Could you have been this free vocalizing as the young man who played on Birth Of The Cool?
I tried some vocal things during that time. John LaPorta wrote a song with lyrics. I tried duplicating that but it really didn’t work. So I didn’t try doing that anymore. I appreciated the efforts but it was just a little bit too mechanical or something, so I didn’t enjoy that.
Do you have any vocalist role models?
Yeah, I had role models in Frank Sinatra and Tony Bennett and Ella Fitzgerald and all of those great singers … Louis Armstrong, definitely. So I appreciate that kind of influence and just tried to enjoy it as much as possible without being intimidated by it.
You have a lifetime connection with these standards that you continue to play—“All The Things You Are,” “Stella By Starlight,” “Darn That Dream,” “Body And Soul” and others. How do you feel when you’re on the bandstand playing them? Do you reflect on your long relationship with these tunes or are you just strictly in the moment with the melody?
I’m just strictly experiencing the materials as we go along. And there’s a charm in doing those things over and over again, which I justify by saying, “We can do these songs a million times but each time they’re different.” And that’s a very favorable justification to me. It invites a new confrontation with any of those very familiar songs. And transferring them to the horn or just singing … it’s very meaningful to me.
Tell me about your tune “Subconscious-Lee,” which is a contrafact on “What Is This Thing Called Love.”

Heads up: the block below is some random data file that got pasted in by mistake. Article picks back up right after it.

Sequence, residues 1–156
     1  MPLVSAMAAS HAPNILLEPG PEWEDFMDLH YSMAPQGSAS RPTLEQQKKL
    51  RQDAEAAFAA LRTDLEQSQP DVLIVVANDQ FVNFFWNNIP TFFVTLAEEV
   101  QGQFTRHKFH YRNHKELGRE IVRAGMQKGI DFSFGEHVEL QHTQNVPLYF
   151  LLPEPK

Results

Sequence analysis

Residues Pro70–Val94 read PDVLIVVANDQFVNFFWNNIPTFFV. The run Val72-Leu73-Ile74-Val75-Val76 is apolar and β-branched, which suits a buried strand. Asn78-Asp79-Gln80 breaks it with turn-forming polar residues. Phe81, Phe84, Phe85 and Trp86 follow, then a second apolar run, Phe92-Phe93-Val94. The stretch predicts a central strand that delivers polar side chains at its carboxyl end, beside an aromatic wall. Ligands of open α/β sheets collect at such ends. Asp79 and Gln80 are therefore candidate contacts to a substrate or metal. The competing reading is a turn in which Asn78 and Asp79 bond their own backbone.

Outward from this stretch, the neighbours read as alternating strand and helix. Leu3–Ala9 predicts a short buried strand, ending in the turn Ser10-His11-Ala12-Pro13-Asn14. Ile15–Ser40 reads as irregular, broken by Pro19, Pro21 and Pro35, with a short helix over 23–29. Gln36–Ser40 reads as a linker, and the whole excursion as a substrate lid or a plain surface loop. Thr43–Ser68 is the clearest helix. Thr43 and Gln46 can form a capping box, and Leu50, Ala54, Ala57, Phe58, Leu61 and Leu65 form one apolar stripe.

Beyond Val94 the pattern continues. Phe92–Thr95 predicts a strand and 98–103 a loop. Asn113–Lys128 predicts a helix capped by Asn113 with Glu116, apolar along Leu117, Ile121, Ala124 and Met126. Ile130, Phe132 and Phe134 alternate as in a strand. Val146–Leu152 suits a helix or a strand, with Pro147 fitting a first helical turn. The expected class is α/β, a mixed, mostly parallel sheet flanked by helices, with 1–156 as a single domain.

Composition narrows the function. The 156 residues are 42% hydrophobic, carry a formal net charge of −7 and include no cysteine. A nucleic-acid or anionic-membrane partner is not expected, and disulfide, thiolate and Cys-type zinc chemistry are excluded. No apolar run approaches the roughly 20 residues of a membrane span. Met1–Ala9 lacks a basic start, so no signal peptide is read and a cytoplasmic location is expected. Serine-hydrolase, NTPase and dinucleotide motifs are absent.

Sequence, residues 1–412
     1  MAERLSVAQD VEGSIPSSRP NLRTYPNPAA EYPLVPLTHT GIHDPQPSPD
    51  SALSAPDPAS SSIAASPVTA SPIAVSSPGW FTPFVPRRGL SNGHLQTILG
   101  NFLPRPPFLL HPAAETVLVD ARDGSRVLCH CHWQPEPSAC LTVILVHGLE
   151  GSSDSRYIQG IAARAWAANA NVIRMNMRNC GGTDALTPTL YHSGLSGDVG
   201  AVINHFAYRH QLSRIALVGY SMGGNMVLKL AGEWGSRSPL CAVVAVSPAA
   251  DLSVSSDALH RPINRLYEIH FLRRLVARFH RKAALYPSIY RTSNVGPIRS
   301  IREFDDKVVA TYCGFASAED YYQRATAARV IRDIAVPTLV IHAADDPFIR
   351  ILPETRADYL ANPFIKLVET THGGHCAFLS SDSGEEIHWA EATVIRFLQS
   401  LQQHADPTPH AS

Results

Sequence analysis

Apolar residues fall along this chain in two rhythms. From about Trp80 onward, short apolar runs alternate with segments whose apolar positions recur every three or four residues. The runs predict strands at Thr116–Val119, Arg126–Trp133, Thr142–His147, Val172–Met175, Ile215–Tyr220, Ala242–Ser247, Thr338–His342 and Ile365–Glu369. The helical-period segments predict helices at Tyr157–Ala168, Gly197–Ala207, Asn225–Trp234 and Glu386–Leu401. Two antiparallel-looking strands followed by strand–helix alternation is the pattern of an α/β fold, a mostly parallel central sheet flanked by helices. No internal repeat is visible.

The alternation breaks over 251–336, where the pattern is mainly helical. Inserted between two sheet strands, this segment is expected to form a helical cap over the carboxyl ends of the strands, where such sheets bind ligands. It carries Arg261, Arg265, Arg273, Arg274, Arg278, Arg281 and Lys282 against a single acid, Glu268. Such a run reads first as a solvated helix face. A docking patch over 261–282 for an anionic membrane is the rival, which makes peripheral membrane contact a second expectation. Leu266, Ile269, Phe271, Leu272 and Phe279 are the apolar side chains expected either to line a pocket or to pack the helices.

Yeah, exactly. That’s a technique I just picked it up along the way from whoever invented it, whether it was Bird or whoever. I thought it was a legitimate addition to the vocabulary. I consider it equivalent in some way to adding homemade lyrics to a melody that you could deliver the standard changes on. But then you change them somehow. And that’s kind of how I approach that. But I didn’t have that particular phrase for the action—contrafact.
You have others, like “Thingin’,” which is your take on “All The Things You Are.”
Yeah, another example of a new melody conceived over a standard. It’s a very legitimate stuff that can be criticized by some of the musical critics, but I don’t accept negative criticism on that. I’ve heard, “Why don’t you do an original song already?” and things like that. And I just say, “Because I can do this instead.” I don’t write the original songs. I’ve tried some and we do a couple of them. I wish I could write a hit song, so to speak … like I keep hearing about all of these young guys writing something that’s totally original. But that doesn’t seem to inspire me somehow. I’m not looking for that kind of credit foremost. I just like knowing that I have some familiar stuff that I can do when I’m working. DB
Feb 13, 2020 2:11 PM
Feb 7, 2020 8:09 AM
In an interview published in DownBeat’s November 2017 issue, guitar legend John McLaughlin lamented the fact that a…
Mar 6, 2020 2:18 PM
A member of the classic John Coltrane quartet of the 1960s, as well as a powerful improviser and potent composer in his…
Mar 20, 2020 12:05 PM
You’re at home. We’re at home. Let’s take a break from the coronavirus anxiety that surrounds us and watch a…
Apr 1, 2020 8:51 PM
Pianist Ellis Marsalis, the head of a New Orleans family that significantly impacted how jazz is seen and heard…